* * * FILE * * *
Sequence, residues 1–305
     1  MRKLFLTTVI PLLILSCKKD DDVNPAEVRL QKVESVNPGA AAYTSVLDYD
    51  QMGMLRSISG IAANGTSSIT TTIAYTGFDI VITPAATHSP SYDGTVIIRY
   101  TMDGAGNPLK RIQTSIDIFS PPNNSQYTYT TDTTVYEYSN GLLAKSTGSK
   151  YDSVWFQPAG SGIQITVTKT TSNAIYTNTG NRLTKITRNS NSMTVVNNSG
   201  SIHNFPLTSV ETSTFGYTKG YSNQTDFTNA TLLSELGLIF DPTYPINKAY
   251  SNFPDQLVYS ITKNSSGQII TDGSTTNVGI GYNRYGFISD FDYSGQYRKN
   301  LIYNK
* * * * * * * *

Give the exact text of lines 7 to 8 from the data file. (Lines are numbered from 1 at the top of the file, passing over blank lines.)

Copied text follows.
   251  SNFPDQLVYS ITKNSSGQII TDGSTTNVGI GYNRYGFISD FDYSGQYRKN
   301  LIYNK